The big advantage of a trailing stop-loss, compared with a regular stop-loss, is that it enables you to lock in profits while still keeping the position open. It also minimises potential losses if there is a nasty reversal of an uptrend. In essence, the technique is a compromise between taking all of your profit immediately by selling the stock (which gives up the opportunity from profiting from further price rises), and sticking with the old stop-loss (which could see the profits disappear if the trend reverses).Trailing stop-losses can also get you out of shares that initially go in your favour, only to lose momentum over time. However, increasing the stop-loss also increases the chances that you’ll have to close your position, as it now has to fall by a much smaller amount than before. This can lead to more frequent buying and selling, inflating trading costs.

Overall, the evidence suggests that while a stop-loss strategy can outperform a traditional buy-and-hold one, after taking into account the amount of risk, a trailing stop-loss strategy can boost returns further. For example, a 2008 study by Garib Yusupov and Bergsveinn Snorrason of Lund University found that a trailing stop-loss strategy produced the best results for those investing in the OMX Stockholm 30 index between January 1998 and April 2009, although it didn’t take into account trading costs.

How my tips have fared

The past two weeks have been mixed for my four long positions, with two increasing but two falling. Media group ITV went up from 119p to 122p, while American homebuilder DR Horton rose from $80.51 to $84.49. The bad news, however, is that transport group National Express declined from 301p to 297p, while cruise-ship operator Norwegian Cruise Line slipped from $29.31 to $28.65. Overall, all of my long tips are making money, with total net profits of £4,531, up slightly from £4,368 a fortnight ago.

Sadly, my short tips haven’t done that well, with four out of the five moving against me by appreciating. Online insurance broker eHealth went up from $51.03 to $68.09, electric-lorry manufacturer Nikola increased from $14.62 to $15.55 and online grocer Ocado climbed from 2,062p to 2,068p.

Cloud-computing firm Snowflake also advanced from $213 to $221. The only positive performance from a short-selling perspective was electric-vehicle maker Plug Power, which declined from $40.75 to $38.91. Still, all of the short tips are making money, with a total net profit of £2,691.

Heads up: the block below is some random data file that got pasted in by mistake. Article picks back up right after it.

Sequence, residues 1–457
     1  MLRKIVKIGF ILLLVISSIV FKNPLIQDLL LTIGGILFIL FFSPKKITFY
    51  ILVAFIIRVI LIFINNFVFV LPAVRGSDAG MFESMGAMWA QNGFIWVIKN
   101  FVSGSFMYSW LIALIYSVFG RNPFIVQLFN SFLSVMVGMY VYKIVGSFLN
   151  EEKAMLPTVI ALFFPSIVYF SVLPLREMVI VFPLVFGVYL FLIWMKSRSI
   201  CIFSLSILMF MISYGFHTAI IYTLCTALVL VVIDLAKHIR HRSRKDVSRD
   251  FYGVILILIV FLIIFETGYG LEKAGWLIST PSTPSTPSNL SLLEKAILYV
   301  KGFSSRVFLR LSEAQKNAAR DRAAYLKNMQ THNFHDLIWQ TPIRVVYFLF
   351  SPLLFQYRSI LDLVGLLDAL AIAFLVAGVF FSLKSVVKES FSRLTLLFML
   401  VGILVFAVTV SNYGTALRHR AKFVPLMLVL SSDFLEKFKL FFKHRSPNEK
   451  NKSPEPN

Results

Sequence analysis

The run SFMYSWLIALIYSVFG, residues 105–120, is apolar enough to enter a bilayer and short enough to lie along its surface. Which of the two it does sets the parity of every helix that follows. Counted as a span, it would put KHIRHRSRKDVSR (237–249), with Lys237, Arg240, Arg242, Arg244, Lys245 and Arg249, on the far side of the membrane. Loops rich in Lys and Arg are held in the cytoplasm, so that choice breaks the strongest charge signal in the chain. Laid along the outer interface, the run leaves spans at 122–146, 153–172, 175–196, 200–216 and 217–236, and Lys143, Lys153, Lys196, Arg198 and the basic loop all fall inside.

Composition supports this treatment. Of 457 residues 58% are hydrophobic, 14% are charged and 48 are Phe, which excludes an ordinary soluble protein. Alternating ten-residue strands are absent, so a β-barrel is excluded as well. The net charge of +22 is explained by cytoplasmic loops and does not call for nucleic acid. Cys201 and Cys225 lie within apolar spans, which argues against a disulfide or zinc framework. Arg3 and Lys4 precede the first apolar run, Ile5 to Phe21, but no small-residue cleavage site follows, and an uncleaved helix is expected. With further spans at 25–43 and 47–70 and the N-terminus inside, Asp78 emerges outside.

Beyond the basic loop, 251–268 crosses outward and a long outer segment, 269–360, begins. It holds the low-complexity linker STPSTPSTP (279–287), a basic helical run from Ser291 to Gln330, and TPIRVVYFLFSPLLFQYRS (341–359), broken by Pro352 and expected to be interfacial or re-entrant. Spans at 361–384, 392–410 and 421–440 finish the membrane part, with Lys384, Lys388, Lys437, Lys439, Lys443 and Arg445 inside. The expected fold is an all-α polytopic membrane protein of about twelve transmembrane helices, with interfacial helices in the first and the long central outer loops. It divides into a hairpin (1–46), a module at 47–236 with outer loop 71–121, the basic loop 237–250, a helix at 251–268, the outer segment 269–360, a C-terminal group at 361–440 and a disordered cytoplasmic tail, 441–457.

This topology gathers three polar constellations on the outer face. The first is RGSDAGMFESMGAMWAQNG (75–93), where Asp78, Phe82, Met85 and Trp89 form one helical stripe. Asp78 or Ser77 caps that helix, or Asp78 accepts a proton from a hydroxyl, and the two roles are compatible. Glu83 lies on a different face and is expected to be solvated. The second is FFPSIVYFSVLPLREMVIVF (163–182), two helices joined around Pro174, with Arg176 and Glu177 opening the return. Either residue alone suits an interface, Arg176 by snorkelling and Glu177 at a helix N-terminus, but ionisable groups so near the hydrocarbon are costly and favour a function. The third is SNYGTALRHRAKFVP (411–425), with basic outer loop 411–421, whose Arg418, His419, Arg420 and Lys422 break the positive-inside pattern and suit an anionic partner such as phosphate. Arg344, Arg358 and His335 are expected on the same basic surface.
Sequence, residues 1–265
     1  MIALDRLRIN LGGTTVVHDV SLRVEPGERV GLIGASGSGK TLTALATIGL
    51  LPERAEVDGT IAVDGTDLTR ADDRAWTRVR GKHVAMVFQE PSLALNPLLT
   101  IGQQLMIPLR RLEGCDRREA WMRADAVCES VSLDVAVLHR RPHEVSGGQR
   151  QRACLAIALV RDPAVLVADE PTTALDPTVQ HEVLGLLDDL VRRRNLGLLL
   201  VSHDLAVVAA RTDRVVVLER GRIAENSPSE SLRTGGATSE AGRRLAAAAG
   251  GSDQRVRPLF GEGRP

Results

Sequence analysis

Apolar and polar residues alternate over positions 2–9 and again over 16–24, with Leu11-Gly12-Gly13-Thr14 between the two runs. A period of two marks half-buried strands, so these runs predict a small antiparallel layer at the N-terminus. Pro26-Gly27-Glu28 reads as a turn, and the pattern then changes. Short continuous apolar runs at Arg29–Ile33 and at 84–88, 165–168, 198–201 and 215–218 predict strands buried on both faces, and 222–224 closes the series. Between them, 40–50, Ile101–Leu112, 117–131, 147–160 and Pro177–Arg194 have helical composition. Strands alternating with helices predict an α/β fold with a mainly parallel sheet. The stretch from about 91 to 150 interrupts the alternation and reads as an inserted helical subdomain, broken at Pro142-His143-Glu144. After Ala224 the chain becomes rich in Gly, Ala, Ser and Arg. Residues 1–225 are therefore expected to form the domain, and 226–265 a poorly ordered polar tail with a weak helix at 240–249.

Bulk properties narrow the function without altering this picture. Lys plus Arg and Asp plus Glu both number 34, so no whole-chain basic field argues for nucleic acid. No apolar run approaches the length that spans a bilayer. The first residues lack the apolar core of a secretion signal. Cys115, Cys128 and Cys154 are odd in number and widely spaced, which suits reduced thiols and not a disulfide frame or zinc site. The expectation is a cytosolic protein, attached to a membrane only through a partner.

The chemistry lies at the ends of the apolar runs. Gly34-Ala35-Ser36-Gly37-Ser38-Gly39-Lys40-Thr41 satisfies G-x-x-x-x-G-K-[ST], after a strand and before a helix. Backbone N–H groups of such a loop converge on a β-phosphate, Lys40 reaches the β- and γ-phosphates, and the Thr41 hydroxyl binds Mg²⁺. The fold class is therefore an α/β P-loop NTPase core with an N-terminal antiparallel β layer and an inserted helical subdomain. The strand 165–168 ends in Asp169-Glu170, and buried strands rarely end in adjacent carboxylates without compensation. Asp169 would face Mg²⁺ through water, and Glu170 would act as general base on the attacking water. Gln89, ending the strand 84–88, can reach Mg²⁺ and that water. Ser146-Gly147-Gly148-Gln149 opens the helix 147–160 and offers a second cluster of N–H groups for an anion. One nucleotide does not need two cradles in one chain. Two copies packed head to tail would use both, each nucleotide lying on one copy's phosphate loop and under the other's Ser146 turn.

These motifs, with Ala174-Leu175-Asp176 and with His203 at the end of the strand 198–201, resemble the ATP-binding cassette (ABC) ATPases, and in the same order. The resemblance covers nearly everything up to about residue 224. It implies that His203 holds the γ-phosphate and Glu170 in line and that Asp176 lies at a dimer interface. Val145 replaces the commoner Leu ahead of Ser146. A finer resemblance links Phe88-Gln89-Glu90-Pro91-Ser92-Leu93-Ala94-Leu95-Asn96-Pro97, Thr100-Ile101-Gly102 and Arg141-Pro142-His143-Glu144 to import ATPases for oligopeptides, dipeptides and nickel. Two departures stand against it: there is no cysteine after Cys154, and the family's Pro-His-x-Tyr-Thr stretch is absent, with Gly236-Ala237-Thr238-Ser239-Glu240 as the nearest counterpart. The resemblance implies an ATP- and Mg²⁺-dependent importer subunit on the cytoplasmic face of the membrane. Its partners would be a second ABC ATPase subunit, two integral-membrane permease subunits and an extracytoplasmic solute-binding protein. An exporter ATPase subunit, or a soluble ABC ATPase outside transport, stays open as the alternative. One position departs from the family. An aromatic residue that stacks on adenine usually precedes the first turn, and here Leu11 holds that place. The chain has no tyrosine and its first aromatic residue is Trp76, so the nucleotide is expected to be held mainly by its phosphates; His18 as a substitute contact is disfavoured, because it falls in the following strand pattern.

Counting Morgan Sindall, I now have five long tips (Morgan Sindall, ITV, DR Horton, National Express and Norwegian Cruise Line) and five short (eHealth, Nikola, Ocado, Snowflake and Plug Power). Since this is a good balance, I don’t advocate closing any of them at present. However, I would increase the stop-loss on Norwegian Cruise Line to $21 (from $20), National Express to 287p (from 285p) and DR Horton to $60 (up from $58.50). I would also suggest cutting the stop-losses on long-running short tips eHealth to $74 (from $75) and Nikola to $24 (from $25).

Dr Matthew Partridge

Matthew graduated from the University of Durham in 2004; he then gained an MSc, followed by a PhD at the London School of Economics.

He has previously written for a wide range of publications, including the Guardian and the Economist, and also helped to run a newsletter on terrorism. He has spent time at Lehman Brothers, Citigroup and the consultancy Lombard Street Research.

Matthew is the author of Superinvestors: Lessons from the greatest investors in history, published by Harriman House, which has been translated into several languages. His second book, Investing Explained: The Accessible Guide to Building an Investment Portfolio, is published by Kogan Page.

As senior writer, he writes the shares and politics & economics pages, as well as weekly Blowing It and Great Frauds in History columns He also writes a fortnightly reviews page and trading tips, as well as regular cover stories and multi-page investment focus features.

Follow Matthew on Twitter: @DrMatthewPartri